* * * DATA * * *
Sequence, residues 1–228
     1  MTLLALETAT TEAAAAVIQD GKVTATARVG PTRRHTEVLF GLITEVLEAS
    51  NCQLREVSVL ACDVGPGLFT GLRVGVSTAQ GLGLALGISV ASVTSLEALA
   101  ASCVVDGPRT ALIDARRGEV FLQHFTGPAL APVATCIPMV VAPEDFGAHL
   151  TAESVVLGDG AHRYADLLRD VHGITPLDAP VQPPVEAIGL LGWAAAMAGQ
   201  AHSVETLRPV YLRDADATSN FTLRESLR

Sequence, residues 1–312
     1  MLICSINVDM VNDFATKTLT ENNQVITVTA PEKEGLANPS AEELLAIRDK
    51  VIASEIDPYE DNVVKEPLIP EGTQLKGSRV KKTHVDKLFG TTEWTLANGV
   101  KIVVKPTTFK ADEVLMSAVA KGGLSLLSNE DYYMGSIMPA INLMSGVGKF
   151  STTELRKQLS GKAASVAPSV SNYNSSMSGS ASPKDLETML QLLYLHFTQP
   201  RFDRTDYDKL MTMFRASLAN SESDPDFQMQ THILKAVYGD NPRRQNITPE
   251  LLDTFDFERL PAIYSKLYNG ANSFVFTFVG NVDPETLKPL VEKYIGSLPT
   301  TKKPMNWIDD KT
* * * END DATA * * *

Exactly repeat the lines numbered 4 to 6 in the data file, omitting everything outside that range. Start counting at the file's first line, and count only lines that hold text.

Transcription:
   101  ASCVVDGPRT ALIDARRGEV FLQHFTGPAL APVATCIPMV VAPEDFGAHL
   151  TAESVVLGDG AHRYADLLRD VHGITPLDAP VQPPVEAIGL LGWAAAMAGQ
   201  AHSVETLRPV YLRDADATSN FTLRESLR